A fresh cup of coffee, seen from above against a cream-coloured background.
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Is coffee good for you?

Centr x Lifespan.io

Centr has partnered with Lifespan.io, a nonprofit leader in longevity science journalism and advocacy, to bring you the latest research on aging and rejuvenation. Learn more about our partnership below.

Starting the day. Going into a meeting. Catching up with friends. Afternoon slump. Staying up late. What do we turn to? COFFEE.

No matter how badly the barista butchers our name or how often they get our order wrong, we keep coming back for more – consuming more than two billion cups of coffee around the world each day.

A quick glance at the Centr community also tells us that coffee has fueled countless workouts for members. But is coffee good or bad for us?

And while we’re on the topic, are there any decaf coffee benefits? And is coffee better for us than energy drinks? And most importantly, how many cups per day can we get away with?

Put the pot on to brew and let’s answer all your coffee questions.

Centr trainer Alexz Parvi stands in a kitchen holding a fresh cup of coffee, with a pleased expression on her face.

Highly-caffeinated fact: the people of Finland consume the most coffee per person, at a whopping 26lbs (or 12kg) per year.

The health benefits of coffee

First up, caffeine is not the only thing in your morning cup (and we’re not talking about that big scoop of sugar you added). Coffee actually contains more than a hundred biologically active chemicals, including polyphenols – potent antioxidants with multiple health benefits.

A recent study tapped into the UK Biobank and found that coffee intake of up to 5 cups per day was associated with significant reductions in the risk of cardiovascular disease, heart failure, coronary artery disease, stroke and various arrhythmias (where the heart beats abnormally).

That’s great news for your health in the long term, but what about the day-to-day benefits?

“Research has shown that caffeine can increase mental alertness and concentration,” explains Centr nutrition expert Angie Asche. “It’s also been shown to help improve athletic performance – boosting power and endurance, and helping you push further before you reach exhaustion.”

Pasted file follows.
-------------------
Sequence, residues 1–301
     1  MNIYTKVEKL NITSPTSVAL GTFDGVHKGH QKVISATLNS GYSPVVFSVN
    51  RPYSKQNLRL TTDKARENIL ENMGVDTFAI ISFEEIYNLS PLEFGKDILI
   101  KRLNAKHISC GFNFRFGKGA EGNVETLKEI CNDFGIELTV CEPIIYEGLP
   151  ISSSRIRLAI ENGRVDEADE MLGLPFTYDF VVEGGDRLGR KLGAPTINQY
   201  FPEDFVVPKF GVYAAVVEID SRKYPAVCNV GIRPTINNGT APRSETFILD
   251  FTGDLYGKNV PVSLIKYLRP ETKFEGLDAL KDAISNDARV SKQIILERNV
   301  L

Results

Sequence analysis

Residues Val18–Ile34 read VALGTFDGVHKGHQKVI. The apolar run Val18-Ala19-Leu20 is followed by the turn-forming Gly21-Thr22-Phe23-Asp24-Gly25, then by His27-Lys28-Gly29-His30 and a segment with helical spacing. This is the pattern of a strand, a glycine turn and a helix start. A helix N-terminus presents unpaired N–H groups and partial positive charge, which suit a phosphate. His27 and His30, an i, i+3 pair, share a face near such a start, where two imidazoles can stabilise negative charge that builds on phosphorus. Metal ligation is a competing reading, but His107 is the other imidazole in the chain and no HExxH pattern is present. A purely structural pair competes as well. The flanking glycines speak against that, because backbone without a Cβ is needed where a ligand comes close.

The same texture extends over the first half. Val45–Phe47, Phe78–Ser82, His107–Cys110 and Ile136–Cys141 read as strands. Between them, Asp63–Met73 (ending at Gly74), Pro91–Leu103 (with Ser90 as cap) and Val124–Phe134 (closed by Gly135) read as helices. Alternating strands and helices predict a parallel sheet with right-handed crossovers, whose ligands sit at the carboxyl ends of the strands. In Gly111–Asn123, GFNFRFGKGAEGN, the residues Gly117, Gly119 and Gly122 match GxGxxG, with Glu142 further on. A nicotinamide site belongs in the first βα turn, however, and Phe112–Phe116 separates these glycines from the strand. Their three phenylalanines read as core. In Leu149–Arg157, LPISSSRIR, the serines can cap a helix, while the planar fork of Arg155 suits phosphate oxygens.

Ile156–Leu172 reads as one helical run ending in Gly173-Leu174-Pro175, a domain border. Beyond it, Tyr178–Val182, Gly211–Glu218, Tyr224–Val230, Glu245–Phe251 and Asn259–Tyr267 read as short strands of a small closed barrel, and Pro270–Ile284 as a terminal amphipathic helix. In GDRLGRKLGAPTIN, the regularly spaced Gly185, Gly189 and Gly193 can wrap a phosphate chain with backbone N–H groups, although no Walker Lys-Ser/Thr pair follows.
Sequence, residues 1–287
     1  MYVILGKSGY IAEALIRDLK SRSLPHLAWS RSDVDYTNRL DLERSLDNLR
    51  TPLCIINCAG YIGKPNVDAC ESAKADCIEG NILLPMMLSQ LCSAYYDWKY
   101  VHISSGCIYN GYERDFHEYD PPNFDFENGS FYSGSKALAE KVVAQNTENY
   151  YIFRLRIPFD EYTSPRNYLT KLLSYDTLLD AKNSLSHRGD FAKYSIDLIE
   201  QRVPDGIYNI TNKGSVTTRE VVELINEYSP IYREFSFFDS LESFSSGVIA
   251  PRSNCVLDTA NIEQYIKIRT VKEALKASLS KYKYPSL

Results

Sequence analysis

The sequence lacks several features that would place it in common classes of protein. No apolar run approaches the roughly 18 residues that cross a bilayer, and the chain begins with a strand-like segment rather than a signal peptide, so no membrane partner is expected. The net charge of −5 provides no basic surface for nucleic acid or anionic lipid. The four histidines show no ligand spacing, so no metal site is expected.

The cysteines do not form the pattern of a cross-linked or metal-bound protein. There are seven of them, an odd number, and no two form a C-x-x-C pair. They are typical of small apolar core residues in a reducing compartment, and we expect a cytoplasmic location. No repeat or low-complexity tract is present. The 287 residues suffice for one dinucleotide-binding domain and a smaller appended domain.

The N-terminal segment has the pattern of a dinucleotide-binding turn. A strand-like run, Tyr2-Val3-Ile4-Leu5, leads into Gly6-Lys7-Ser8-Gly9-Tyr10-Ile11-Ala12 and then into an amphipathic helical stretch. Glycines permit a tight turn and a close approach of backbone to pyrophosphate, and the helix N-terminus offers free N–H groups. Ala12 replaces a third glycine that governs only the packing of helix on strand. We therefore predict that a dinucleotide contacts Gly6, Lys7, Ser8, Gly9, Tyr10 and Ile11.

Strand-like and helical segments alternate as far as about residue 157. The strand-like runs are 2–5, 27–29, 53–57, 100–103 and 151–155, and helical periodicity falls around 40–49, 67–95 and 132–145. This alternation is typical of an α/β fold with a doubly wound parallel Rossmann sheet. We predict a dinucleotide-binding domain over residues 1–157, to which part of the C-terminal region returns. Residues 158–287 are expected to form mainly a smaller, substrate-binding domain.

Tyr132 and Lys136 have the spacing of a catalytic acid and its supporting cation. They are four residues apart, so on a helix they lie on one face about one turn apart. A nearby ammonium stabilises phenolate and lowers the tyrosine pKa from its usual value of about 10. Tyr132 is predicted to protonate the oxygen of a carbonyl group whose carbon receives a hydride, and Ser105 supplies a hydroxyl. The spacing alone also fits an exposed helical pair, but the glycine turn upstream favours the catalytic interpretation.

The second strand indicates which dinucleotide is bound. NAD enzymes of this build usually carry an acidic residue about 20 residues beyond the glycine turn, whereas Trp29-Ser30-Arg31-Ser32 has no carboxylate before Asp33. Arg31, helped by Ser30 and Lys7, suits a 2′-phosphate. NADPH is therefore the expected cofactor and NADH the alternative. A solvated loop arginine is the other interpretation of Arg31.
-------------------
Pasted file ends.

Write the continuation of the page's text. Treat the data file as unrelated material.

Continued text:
How does caffeine give us a lift? It all relates to neurotransmitters – tiny chemical messengers that carry signals from one nerve cell to the next. We’ll let Angie explain the neurotransmitter trio behind the boost:

  • Adenosine is the ‘calming’ neurotransmitter. When caffeine binds to it, it overpowers the feeling of relaxation, helping to boost focus and attention.
  • Caffeine also increases the release of the ‘happy’ neurotransmitter dopamine, boosting motivation and excitement, therefore lifting our mental alertness and performance even further.
  • Levels of epinephrine (which you may know better as adrenaline) also lift, boosting your exercise performance largely due to its effect on heart rate and blood flow.

Centr trainer Alexz Parvi sits on a couch with a Macbook on her lap and a cup of coffee in her hand.

Coffee and focus time: a classic combo.

Instant coffee vs ground coffee

The kind of coffee you drink matters. The UK Biobank study compared ground coffee against decaf and instant – finding ground coffee had the greatest health benefits.

As well as being the least processed, coffee ground from beans consistently outperformed the other two types, providing greater protection against all causes of death.

What about the health benefits of decaf coffee? While you may presume the ‘decaffeinated’ factor strips away the effects of coffee, it was linked to reduction in cardiovascular disease and death. But decaf coffee benefits did not extend to arrhythmias.

Now we know a bit more about the benefits, let’s get to the number we’re really hanging on: how much you can drink.

How much coffee is too much?

Give your favorite mug a rinse and get ready: the sweet spot seems to be 2-3 cups per day.

In the study mentioned above, those who drank 2-3 cups made from ground coffee per day saw the biggest risk reduction – they were 27 percent less likely to die from all causes than people who did not drink coffee.

Drawing on her experience with athletes, Angie agrees that this is a good guideline.

“The average cup includes about 100mg of caffeine, so three cups would be about 300gs per day. That’s enough for most people to notice the benefits, without any negative side effects,” she says.

“To get the most benefits, timing is just as important as amount. You will probably need to go through a bit of trial and error to find what works best for you personally. People metabolize caffeine differently and tolerance can vary – while 300mg may be too much for one person, it may not be enough for another.”

Angie also notes that the “dose” of coffee in 1 cup can vary dramatically depending on the brand, beans used, if it’s home brewed and the size of the cup. For instance, while one cup is generally considered to be 8oz, a ‘tall’ from your favorite coffee joint could be 12oz and pack 240g or more of caffeine.